Colorado megachurch pastor Brady Boyd recently had an hour-long conversation with three homosexual men over coffee, which helped him learn at least five lessons about the gay community and the evangelical Jesus-following community.
Boyd, the senior pastor of New Life Church in Colorado Springs, Colo., describes the meeting as "challenging, thought-provoking, enlightening" in a blog post. And, of course, all four of them were tense thanks to stereotypes that exist about gay people and evangelical megachurch pastors, he admits.
But the meeting helped the pastor learn five lessons.
"Our stories are more similar than we think," Boyd writes. After hearing about their upbringing, the pastor realized that "the details that separated my experience from theirs were grossly outnumbered by the uncanny similarities we shared."
The megachurch pastor also learned that "truth isn't always conveyed in love." For example, as soon as the three men came out as gay, they were treated terribly by Christ followers, all of whom wanted them to "know the truth."
Boyd was also surprised to find homosexuality "more bipartisan than we may think." Two of those three men were Republicans, the pastor shares. And they laughed about how both straight and gay people like to keep their money in their pocket instead of adding to the government dole.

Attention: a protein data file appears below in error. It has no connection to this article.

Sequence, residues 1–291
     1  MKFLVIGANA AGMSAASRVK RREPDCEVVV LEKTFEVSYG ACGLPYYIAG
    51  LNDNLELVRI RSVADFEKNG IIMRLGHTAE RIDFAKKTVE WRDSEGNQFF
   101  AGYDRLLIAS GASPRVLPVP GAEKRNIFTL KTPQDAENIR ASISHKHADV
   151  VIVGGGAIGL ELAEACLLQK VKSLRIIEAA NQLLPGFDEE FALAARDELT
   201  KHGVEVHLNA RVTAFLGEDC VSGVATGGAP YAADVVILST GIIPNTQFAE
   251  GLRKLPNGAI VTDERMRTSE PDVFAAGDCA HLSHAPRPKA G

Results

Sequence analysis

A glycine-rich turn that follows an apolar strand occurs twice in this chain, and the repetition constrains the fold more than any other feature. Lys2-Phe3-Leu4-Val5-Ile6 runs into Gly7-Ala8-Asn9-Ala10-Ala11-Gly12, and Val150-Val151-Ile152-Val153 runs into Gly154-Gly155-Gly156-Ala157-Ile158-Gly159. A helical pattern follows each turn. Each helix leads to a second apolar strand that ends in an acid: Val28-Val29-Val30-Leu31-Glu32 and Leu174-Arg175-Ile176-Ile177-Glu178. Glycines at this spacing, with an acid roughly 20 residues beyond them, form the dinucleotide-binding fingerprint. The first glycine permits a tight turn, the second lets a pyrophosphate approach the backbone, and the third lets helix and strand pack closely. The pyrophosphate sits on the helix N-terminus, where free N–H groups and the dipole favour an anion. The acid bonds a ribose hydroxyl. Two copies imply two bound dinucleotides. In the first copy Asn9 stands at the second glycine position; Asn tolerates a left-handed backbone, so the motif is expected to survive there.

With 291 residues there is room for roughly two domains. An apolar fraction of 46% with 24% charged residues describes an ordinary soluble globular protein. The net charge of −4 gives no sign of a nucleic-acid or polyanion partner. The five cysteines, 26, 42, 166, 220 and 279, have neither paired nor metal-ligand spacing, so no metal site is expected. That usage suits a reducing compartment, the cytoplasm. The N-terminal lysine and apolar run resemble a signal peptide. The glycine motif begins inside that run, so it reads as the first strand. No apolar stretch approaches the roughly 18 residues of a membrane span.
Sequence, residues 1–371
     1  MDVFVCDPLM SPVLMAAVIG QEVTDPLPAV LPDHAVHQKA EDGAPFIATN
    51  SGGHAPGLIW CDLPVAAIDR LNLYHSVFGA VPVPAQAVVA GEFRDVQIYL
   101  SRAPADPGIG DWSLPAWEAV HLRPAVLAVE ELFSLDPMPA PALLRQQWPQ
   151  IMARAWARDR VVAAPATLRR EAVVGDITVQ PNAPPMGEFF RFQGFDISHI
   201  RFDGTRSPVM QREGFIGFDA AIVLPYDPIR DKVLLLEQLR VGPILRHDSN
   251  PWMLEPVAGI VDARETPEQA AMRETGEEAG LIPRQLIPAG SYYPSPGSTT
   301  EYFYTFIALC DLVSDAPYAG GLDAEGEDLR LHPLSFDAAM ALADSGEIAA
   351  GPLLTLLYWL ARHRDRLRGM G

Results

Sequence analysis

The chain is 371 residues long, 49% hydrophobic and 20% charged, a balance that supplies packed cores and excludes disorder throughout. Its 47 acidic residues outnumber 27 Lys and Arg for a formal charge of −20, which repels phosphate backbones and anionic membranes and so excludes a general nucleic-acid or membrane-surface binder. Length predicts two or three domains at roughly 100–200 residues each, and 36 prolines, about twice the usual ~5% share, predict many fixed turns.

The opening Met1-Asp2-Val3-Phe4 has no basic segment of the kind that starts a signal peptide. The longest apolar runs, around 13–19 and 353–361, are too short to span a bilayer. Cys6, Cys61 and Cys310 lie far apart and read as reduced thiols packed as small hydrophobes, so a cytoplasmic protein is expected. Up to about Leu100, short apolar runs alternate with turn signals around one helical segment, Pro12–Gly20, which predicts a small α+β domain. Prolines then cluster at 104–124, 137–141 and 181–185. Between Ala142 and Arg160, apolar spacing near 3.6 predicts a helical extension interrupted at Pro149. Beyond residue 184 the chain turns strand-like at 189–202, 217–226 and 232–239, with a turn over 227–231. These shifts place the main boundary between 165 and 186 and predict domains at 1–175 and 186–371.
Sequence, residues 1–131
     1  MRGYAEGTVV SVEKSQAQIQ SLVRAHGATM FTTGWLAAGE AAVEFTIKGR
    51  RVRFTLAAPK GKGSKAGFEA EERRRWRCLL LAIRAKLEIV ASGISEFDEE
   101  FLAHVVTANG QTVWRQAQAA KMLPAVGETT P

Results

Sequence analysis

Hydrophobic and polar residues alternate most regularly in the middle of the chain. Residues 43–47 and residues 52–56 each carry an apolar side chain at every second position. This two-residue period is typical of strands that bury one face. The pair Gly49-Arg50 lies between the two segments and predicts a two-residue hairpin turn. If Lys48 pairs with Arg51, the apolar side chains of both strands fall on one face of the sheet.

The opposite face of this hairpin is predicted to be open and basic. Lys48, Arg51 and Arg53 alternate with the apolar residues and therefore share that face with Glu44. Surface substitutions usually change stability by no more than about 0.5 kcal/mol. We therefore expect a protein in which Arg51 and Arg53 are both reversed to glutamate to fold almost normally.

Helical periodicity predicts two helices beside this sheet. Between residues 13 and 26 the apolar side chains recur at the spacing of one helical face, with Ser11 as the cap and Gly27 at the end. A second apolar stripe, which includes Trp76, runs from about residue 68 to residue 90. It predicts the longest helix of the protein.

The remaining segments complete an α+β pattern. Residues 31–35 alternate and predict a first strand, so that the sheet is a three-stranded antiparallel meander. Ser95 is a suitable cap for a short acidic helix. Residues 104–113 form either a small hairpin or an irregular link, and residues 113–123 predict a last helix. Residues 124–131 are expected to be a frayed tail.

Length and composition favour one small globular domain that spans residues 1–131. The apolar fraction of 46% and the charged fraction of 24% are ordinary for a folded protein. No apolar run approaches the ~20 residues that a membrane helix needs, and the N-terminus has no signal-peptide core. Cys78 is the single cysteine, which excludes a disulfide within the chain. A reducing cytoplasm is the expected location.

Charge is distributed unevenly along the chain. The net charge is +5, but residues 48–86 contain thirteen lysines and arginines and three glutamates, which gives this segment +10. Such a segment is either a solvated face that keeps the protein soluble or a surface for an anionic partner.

Despite disagreements, common sense points to common ground, the pastor goes on to write. "While we may never agree on what the Bible means when it speaks of both sexuality and homosexuality, certainly we can agree that both the gay community and the evangelical Jesus-following community can do a better job of being kind toward one another," he says.
Boyd says he told the three, "Bullying is never okay," and that he is committed to stand up for everyone in the city – both gay and straight – who is being targeted for insults and outright violence. "I shared my story of being falsely accused of being a 'hater' when, in fact, I have never felt that way about the gay community."
Lastly, Boyd realized that a volatile gap can be bridged if they hold further dialogue in neutral territory like coffee tables.
The pastor also clarifies that he has not budged a bit on his belief that marriage is only between a man and a woman, and that acting on homosexual tendencies remains an outright sin. "I'm simply determined to live as Jesus lived. He had real relationships with people who believed and lived differently than him."
Church members responded to the blog by writing comments praising him.
One respondent suggested that the gay men should be invited to the church. "They are welcome at New Life," Boyd said. "They had some big misconceptions about our church, but I hope I helped them feel welcome."
However, there was one comment criticizing Boyd's openness. "I meet with people from all walks of life regularly. From time to time, I share what I learned in these meetings," the pastor responded. "We are a church deeply involved in our community and our eyes and hearts are fully open to the pain in our city and region."